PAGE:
Points of Interest This ride is essentially a circuit of the Manhood Peninsula, the area southwest of Chichester, bounded by Chichester Harbour, the coast and Pagham Harbour. The main (B-)roads through the peninsula are very busy, but away from these there is pleasant countryside to discover.

The Sidlesham Visitor Centre is an excellent place from which to explore Pagham Harbour Local Nature Reserve. The ‘harbour’ is a lagoon flooded at high tide, and is an excellent spot for birdwatching, especially in winter when waders and various ducks and waterfowl are present. You will need to leave your bike and walk to reach the best spots, although you do pass Ferry Pool to the right of the road just after leaving the visitor centre. There are almost always some waders here, but the road is busy: dismount and cross carefully to the pavement if you want to view.

Selsey at the tip of the Manhood Peninsula is a holiday resort popular with day trippers, and has a large holiday park at Medmerry. The sea front on either side of Selsey Bill gives views to Bognor and beyond from the East Beach, and to the Isle of Wight and Portsmouth from West Beach. The area has always been threatened by the sea, and gets a pounding in winter storms; climate change and the associated threatened sea level rise will accentuate this risk. Recently,the massive 'Medmerry' project has been completed to 'realign' the coast by opening a breach in the shingle bank, allowing the area behind to flood, acting as a 'safety valve' for the habited areas. The access roads required for the construction have been opened as cycle paths.

The towns of Bracklesham and East Wittering straggle along the coast fronted by shingle beach, which gradually gives way to a large sandy beach at West Wittering. The area was purchased in the 1950s by local residents under the banner of the West Wittering Estate to protect it from development as a holiday camp. The area is managed to provide good facilities for the large number of visitors, whilst at the same time preserving the natural environment. East Head, at the northern tip of the beach, is under the management of the National Trust. The tower of Cakeham Manor can be seen from the beach dates from Tudor times; the Manor is said to be owned by the parents of Richard Branson.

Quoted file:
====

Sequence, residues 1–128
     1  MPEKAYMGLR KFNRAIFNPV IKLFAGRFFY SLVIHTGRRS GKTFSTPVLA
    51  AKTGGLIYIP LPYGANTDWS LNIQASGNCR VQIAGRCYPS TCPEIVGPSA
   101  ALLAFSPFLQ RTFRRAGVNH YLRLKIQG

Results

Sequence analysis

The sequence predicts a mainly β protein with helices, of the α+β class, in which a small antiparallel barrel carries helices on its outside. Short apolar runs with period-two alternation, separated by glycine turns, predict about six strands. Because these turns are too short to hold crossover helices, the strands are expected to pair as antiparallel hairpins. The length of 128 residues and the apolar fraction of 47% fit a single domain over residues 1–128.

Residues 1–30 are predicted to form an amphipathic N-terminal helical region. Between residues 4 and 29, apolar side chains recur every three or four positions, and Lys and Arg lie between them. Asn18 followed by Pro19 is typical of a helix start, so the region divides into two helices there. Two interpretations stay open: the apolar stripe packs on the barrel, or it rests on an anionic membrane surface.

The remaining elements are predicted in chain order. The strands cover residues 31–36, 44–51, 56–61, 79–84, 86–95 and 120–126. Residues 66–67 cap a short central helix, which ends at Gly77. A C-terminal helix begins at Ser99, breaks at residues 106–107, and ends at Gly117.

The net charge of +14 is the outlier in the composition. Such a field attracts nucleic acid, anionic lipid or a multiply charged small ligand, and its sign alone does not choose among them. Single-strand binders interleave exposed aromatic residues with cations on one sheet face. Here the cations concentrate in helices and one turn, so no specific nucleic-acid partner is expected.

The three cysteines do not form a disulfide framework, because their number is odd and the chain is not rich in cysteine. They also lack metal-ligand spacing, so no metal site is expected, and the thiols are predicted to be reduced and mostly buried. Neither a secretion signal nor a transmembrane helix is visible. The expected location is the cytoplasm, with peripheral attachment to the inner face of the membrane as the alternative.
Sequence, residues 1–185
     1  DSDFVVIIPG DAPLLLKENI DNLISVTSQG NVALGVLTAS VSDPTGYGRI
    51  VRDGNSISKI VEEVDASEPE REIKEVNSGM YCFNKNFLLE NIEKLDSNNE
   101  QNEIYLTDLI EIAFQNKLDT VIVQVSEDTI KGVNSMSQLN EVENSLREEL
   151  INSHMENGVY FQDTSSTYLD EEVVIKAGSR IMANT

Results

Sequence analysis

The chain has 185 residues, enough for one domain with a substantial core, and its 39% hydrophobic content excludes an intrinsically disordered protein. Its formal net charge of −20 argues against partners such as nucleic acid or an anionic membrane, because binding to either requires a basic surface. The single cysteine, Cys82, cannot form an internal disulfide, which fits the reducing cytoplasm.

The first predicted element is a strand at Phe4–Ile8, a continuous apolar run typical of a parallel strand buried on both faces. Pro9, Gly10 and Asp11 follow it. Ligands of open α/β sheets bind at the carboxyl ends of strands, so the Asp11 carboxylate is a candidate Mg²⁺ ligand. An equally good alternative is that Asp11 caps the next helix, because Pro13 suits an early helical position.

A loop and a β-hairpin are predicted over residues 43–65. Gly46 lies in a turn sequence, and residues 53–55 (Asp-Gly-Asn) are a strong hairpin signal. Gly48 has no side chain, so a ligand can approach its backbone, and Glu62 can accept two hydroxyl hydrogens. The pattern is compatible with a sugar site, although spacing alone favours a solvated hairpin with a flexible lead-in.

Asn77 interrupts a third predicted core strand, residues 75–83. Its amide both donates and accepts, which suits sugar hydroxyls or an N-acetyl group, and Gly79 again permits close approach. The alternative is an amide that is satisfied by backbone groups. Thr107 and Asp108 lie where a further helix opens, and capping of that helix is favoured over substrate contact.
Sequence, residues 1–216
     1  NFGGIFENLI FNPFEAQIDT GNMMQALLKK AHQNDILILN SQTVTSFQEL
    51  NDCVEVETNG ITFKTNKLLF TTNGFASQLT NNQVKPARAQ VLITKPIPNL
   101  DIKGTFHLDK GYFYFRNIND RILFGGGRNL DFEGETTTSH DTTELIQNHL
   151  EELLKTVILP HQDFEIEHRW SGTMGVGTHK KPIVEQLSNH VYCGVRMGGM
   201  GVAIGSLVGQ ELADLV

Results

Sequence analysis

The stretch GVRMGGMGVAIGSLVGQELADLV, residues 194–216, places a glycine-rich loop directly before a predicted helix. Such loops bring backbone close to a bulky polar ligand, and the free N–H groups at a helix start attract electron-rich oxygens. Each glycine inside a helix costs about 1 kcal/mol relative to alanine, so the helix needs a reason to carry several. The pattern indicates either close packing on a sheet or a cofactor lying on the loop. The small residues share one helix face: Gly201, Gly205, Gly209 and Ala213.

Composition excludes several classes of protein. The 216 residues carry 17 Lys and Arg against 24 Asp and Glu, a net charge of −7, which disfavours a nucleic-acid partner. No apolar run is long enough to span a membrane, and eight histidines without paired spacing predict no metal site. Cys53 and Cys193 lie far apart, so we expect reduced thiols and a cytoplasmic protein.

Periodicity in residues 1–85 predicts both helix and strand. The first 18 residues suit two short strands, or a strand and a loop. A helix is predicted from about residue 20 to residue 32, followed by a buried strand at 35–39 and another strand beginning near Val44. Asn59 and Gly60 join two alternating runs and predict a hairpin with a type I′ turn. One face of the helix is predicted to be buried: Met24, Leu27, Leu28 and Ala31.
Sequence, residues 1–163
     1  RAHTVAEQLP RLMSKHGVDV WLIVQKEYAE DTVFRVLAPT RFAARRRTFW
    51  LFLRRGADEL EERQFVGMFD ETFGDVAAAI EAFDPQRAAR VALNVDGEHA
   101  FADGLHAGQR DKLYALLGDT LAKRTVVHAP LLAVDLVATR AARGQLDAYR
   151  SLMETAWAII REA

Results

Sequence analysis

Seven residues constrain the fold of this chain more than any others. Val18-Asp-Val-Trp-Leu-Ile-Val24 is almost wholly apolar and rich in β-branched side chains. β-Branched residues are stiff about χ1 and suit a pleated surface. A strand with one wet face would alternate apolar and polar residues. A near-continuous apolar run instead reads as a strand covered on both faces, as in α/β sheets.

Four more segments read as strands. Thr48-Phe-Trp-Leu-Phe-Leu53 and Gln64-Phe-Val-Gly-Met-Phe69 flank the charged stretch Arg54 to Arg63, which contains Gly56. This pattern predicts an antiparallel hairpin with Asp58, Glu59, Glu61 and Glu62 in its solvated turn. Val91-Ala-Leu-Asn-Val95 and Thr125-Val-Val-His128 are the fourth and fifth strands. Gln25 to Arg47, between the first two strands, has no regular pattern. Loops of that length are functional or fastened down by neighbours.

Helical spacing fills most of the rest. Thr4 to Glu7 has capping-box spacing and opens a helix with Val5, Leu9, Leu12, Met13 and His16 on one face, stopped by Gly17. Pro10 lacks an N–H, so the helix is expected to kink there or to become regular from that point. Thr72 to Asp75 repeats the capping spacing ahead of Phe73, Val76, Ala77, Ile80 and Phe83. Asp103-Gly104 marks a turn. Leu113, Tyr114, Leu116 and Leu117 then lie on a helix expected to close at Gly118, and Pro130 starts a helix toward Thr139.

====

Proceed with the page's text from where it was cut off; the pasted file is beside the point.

Just before reaching Chichester Marina, you cross the The Portsmouth and Arundel Canal , which operated from 1823, linking the Wey and Arun Canal at Ford to Portsmouth, via Chichester and Langstone Harbours. The canal entered Chichester Harbour at Salterns lock, after which the Salterns Way is presumably named. Today it plays host to a number of houseboats. Chichester Marina is a busy yachting complex, in Chichester Harbour, an Area of Outstanding Natural Beauty looked after by the Chichester Harbour Conservancy . The harbour can also be accessed from Dell Quay off Appledram Road.

It is well worth diverting into the centre of Chichester, especially to visit the Cathedral . As well as admiring the splendid architecture, in the summer, in the last few years, peregrine falcons have nested on the tower, and volunteers set up telescopes to allow viewing by visitors.

The Chichester ‘ship’ canal linked Chichester to the Portsmouth and Arundel Canal.

Finding your way
The Salterns Way and Route 88 are reasonably well signed, but OS Explorer 1:25K sheet 120 (Chichester) will still come in handy, as will a print out of my Google map at street level for Selsey and the backroads of Bracklesham. You can download a map of the Salterns Way here.

Photo guide

On Selsey East Beach wall


Selsey Lifeboat Station


Path by West Beach Selsey


Path to Selsey Holiday Village (inc Medmerry Windmill)


Road through holiday village


The Selsey Bracklesham bund (shingly surface)


Selsey Bracklesham bund (firm surface)


Leave the beach by this path at Bracklesham


Path between the Witterings


Grassy stretch of path nr West Wittering


West Wittering Beach at low tide


Exit from West Wittering car park


Start of Salterns Way


Salterns Way sign


On the Salterns Way


Itchenor Church


Salterns Way by Itchenor Caravan Park


Salterns Way sign


At the shore of Chichester Harbour


Salterns Lock


Chichester Marina


Salterns Way after Marina


Approaching Chichester


Joining Dell Quay Road


Under the A27


Watching perigrines, Chichester Cathedral


Mount Lane, Chichester to the right


Canal Basin, Chichester


Chichester Canal towpath


On Route 88, between N Mundham and Sidlesham


Beside Pagham Harbour, Sidlesham